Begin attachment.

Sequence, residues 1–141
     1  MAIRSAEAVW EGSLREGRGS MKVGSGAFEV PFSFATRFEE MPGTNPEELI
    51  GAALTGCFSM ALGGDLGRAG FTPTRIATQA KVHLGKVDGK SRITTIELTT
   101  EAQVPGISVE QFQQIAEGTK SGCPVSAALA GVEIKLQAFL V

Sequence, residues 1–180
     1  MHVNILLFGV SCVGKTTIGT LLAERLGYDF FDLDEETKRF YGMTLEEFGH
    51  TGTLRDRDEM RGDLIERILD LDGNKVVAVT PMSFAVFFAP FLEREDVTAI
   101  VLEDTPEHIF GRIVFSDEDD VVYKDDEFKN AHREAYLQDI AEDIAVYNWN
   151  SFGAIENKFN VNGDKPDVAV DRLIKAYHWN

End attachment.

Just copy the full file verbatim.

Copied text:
Sequence, residues 1–141
     1  MAIRSAEAVW EGSLREGRGS MKVGSGAFEV PFSFATRFEE MPGTNPEELI
    51  GAALTGCFSM ALGGDLGRAG FTPTRIATQA KVHLGKVDGK SRITTIELTT
   101  EAQVPGISVE QFQQIAEGTK SGCPVSAALA GVEIKLQAFL V

Sequence, residues 1–180
     1  MHVNILLFGV SCVGKTTIGT LLAERLGYDF FDLDEETKRF YGMTLEEFGH
    51  TGTLRDRDEM RGDLIERILD LDGNKVVAVT PMSFAVFFAP FLEREDVTAI
   101  VLEDTPEHIF GRIVFSDEDD VVYKDDEFKN AHREAYLQDI AEDIAVYNWN
   151  SFGAIENKFN VNGDKPDVAV DRLIKAYHWN